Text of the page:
Homes and gardens

Young, and not keen on owning a house

As you drive through any Indian metropolis, you are bound to come across giant billboards selling the dream of living in swanky high-rises with all modern amenities, but millennials, of late, are not too keen to buy a home.

There are several reasons for such behaviour and that includes personal preference and economic considerations.

Interestingly, with a new generation has come a shift in value and culture. Millennials are not so keen on home ownership as the previous generations. Typically, millennials or Generation Y include people born between early 80s and 2000.

Traditional yardsticks of success like marrying at a certain age, having children, buying a house and a fixed retirement do not apply to this group. Instead they are more focussed on their jobs, give themselves time to find a life partner and look for financial freedom rather than ownership of assets.

This paradigm shift in mindset has also meant that millennials shy away from long-term financial obligations which come with buying a home. Connectivity to the workplace, convenience and security are important, but owning their own home is not.

Due to the nature of their jobs, millennials seek mobility and don’t want to stick to one geography. Renting offers more flexibility and freedom of moving base when a more exciting job opportunity presents itself. Millennials also prefer staying close to business districts on rent as residential apartments there are relatively costlier to buy.

One of the considerations when buying a property is, of course, affordability. A rent of a certain property is always less than the EMI one would be paying. But when the difference between EMI and rent is not very much, there is a case for buying as unlike rent, EMIs help in building an asset. In India, due to relatively higher price, the EMI-to-rental ratio is very high.

Let us take an example of Andheri West, a posh suburban locality in Mumbai. A 2-BHK apartment would cost around ₹1.8 crore.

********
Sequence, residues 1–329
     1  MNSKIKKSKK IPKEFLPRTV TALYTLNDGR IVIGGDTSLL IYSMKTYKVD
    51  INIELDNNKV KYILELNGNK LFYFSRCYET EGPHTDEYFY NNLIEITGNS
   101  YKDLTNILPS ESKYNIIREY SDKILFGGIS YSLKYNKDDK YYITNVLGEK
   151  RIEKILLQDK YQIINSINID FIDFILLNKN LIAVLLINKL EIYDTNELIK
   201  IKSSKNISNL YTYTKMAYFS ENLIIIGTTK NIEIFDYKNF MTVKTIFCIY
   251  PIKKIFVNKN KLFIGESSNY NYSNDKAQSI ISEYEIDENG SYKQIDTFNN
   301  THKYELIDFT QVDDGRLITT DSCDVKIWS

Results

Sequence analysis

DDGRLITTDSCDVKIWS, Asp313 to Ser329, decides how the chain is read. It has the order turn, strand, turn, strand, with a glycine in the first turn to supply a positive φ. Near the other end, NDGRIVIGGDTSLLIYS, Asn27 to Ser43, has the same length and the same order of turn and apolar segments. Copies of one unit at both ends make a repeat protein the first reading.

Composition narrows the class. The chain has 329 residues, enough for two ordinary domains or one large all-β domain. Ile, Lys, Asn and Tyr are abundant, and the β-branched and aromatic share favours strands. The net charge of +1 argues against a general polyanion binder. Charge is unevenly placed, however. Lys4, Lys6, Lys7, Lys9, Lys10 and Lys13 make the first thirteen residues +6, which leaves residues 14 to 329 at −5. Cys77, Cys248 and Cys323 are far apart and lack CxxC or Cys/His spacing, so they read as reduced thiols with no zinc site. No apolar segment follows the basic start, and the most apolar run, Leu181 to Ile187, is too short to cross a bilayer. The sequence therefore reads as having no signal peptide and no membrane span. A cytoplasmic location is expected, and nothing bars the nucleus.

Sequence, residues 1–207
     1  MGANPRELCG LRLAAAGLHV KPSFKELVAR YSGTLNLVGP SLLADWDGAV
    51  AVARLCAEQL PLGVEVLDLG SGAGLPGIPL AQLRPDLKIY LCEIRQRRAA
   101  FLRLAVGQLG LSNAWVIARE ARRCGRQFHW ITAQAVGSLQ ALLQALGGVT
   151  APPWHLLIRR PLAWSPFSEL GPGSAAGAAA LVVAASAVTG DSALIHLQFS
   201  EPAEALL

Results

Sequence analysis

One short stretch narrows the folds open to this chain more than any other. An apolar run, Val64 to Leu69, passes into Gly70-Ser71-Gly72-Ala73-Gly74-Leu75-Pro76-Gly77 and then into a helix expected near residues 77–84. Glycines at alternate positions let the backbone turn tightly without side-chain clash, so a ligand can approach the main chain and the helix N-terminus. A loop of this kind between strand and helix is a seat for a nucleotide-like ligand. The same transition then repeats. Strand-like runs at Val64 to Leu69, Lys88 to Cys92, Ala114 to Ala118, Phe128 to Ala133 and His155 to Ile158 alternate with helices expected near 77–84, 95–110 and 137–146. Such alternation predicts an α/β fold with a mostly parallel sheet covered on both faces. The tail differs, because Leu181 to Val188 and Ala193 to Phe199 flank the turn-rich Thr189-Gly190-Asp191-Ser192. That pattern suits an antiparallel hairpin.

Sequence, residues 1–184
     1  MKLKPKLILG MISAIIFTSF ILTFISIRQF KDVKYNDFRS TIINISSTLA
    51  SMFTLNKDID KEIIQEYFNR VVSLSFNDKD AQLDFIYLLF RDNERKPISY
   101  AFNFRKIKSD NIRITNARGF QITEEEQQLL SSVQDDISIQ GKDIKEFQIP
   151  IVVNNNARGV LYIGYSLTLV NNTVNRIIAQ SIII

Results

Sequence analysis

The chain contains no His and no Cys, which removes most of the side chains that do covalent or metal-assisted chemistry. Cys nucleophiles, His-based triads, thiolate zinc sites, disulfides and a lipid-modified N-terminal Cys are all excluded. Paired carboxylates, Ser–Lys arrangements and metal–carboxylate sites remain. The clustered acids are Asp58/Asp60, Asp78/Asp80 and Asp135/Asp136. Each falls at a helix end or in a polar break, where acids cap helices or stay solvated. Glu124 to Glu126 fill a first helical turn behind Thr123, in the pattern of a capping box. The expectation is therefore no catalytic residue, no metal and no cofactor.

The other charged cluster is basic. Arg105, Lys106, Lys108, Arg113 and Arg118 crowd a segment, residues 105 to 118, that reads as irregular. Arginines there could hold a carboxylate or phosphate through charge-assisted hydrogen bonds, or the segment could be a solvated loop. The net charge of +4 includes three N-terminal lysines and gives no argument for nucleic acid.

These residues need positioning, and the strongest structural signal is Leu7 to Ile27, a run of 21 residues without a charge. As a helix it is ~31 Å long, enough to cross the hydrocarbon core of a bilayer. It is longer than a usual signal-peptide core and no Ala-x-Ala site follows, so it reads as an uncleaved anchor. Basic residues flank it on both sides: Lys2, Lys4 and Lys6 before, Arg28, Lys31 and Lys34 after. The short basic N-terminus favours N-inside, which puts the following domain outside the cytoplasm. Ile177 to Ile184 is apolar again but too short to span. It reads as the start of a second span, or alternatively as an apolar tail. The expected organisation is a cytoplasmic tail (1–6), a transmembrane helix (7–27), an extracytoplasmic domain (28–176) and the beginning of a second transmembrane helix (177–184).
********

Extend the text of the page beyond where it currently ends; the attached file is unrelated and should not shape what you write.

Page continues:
How it works out

Assuming a down payment of 20% (₹36 lakh), one has to take a loan of ₹1.44 crore. If we consider a tenure of 20 years and an interest rate of 9% per annum, the EMI works out to ₹132,654. The monthly rent for a similar property would be in a range of ₹30,000 to ₹40,000.

That is a pretty high EMI-to-rent ratio, greater than 3. The ratio in similar localities in other major cities would be relatively less, but still very high. Further, millennials prefer to stay near their workplace as it decreases commute time and improves quality of life, but property prices in upmarket areas are well beyond reach, making renting the only option.

JLL Research estimates the demand for rental housing in three major cities, Delhi NCR, Bengaluru and Mumbai, to grow to 4.4 million in 2021, up from 2.9 million in 2011, at a CAGR of 4.3%.

While rental housing is getting more organised, the trend among millennials has also given rise to the concept of co-living spaces.

Based on the ‘plug and play’ model, co-living helps the residents share amenities like wi-fi, phone, housekeeping, laundry, and water plus kitchen, bathroom, living areas and pantry. It’s like a home away from home.


With property prices rising in gateway cities, co-living offers residents shorter and more flexible lease terms compared to condominiums, as well as ready-to-move-in convenience. Along with that comes the convenience of surplus benefits such as electricity, water, gas, all-inclusive with the rent. Hence, millennials are willing to pay a premium for their stay in an organised set-up as this saves them from chores like separate bill payments.

Growth in demand

Players in co-living space such as Zolostays, CoLive, Stanza Living and CoHo have operations in cities such as Delhi NCR, Bengaluru, Pune and Hyderabad. Investors have also showed interest in these startups, sensing a growth in demand. While in a traditional rental set-up, investors get a yield of around 2-3.5%, in case of co-living, the yields can almost double or even increase to 2.5-3 times in case of customised co-living spaces.

Given that demand is increasing and there is relevant supply too, co-living space is set to grow significantly in the future. ‘Generation rent’ is thus a phrase that is apt for millennials and the real estate industry needs to be well equipped to adjust to this new paradigm.

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Printable version | Jan 14, 2021 1:30:02 PM |

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